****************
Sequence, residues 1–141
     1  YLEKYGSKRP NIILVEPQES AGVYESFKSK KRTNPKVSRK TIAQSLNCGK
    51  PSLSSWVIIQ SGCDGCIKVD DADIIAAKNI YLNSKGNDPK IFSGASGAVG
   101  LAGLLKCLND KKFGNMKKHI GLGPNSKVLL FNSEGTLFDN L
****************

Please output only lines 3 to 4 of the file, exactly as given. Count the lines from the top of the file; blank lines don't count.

    51  PSLSSWVIIQ SGCDGCIKVD DADIIAAKNI YLNSKGNDPK IFSGASGAVG
   101  LAGLLKCLND KKFGNMKKHI GLGPNSKVLL FNSEGTLFDN L